10.16.2013 0

Names can hurt you

By Rick Manning

Sticks and stones may break my bones, but words will never hurt me.

Pfeiffer_1This familiar chant from little kids in response to being verbally abused or mischaracterized is typically taught by parents hoping to encourage children to ignore the hurtful taunts of others.

But in the adult world, the adage is proven to be false time and again.

This past week White House Adviser Dan Pfeiffer compared Tea Party Republicans to, “people with a bomb strapped to their chest.”

“It is not a negotiation if I show up at your house and say, ‘Give me everything inside, or I’m going to burn it down.’”

The White House never denounced the remarks, and in fact sought instead to disassociate tactics they have used in the past during various fiscal cliff “crises” from those currently being employed by their political opponents.

Why does this matter?

Why should America be concerned by this harsh increase in rhetoric and the Obama Administration’s use of legally actionable words by a staffer sent out to defend their position to the media?

It matters because this Administration has the power to enforce law enforcement action against those they deem to be terrorists, and by characterizing their political opponents in this manner it is no longer just words, it is a not so veiled threat.

Fox News reported on Columbus Day that soldiers were told at an official U.S. Army briefing that a well-respected Christian ministry group is the equivalent to domestic hate group with the Ku Klux Klan among others.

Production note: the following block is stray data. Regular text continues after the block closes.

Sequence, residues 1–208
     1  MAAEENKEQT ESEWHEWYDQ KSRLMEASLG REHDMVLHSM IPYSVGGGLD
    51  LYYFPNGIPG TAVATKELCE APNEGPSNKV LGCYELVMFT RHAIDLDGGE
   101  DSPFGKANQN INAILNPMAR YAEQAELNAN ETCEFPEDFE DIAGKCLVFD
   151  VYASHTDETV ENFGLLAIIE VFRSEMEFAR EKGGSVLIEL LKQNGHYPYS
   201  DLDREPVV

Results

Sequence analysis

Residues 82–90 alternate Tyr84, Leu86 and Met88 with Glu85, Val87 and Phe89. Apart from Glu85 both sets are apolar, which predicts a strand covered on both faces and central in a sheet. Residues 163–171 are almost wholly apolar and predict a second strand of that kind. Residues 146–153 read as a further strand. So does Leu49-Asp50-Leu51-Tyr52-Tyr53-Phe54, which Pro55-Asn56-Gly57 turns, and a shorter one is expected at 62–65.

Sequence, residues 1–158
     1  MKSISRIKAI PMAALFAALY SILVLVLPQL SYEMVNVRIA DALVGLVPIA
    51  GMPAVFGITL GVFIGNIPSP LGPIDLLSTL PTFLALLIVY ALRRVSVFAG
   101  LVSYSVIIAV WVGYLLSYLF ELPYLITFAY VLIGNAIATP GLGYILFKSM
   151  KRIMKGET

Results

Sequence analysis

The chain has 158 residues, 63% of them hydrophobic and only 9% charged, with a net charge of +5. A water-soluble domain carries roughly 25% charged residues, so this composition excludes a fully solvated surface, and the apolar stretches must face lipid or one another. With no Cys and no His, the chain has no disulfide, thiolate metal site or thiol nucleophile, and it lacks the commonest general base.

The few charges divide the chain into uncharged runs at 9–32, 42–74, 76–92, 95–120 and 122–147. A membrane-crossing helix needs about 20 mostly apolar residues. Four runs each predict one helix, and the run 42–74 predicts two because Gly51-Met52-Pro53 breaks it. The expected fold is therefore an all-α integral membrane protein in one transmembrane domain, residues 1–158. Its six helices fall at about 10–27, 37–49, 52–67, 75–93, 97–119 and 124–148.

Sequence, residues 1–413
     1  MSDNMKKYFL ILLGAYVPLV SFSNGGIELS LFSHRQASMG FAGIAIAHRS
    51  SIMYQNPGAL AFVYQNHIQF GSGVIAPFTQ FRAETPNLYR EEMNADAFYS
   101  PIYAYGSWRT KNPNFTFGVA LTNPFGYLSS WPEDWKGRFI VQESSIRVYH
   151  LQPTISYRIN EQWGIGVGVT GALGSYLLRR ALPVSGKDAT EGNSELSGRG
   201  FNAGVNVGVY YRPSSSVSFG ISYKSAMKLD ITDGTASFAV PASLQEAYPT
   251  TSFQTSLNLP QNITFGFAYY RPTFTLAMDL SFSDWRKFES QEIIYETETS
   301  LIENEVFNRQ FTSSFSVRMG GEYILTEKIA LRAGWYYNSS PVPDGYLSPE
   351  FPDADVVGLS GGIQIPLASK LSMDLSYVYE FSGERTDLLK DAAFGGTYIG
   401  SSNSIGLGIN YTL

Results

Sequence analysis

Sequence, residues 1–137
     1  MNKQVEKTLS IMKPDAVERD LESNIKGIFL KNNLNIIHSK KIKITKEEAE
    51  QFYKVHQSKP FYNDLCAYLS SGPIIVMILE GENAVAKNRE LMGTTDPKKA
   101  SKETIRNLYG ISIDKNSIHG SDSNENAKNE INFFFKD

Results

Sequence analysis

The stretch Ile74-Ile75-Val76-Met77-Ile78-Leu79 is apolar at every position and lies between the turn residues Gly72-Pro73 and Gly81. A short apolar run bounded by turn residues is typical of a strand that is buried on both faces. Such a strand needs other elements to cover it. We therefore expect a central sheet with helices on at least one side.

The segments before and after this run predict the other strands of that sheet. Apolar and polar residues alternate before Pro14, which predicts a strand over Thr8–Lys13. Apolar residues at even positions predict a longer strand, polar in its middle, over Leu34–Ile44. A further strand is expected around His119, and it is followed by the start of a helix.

Several dozen U.S. Army active duty and reserve troops were told last week that the American Family Association, a well-respected Christian ministry, should be classified as a domestic hate group because the group advocates for traditional family values.

This follows an article co-written by a former Army Colonel who teaches at Fort Leavenworth (not the prison, but the Army base) that hypothesizes a scenario where “tea party” groups in Darlington County, South Carolina embrace the Declaration of Independence and disband the local government.  To quote the article, “While mainstream politicians and citizens react with alarm, the “tea party” insurrectionists in South Carolina enjoy a groundswell of support from other tea party groups, militias, racist organizations such as the Ku Klux Klan, anti-immigrant associations such as the Minutemen, and other right-wing groups.”

The article then outlines how the military could be deployed to put down the tea partiers.

When a White House official throws around the words “terrorists” in conjunction with the opposition political party engaged in a legitimate legislative battle on Capitol Hill, it triggers bureaucratic responses.

When the same Administration is already embroiled in a scandal involving the IRS and other federal government agency’s using intimidation tactics to silence tea party oriented groups, one would think that Team Obama would be particularly sensitive in using incendiary language that could elicit unacceptable bureaucratic actions.

And one would expect that the media would universally condemn and demand a retraction of language that has real implications to the future of American political dissent.

Yet, with the Obama Administration’s defense of Pfeiffer, the defining of an Administration’s political opponents as “terrorists” is now acceptable.

In this instance, sticks and stones may break one’s bones, but names can get you arrested.  It is past time for President Obama to disavow Pfeiffer’s remarks and fire him from his Administration.  No other reaction should be acceptable to anyone who values the inherently American right to political dissent.

Rick Manning is the Vice President of Public Policy & Communications for Americans for Limited Government.

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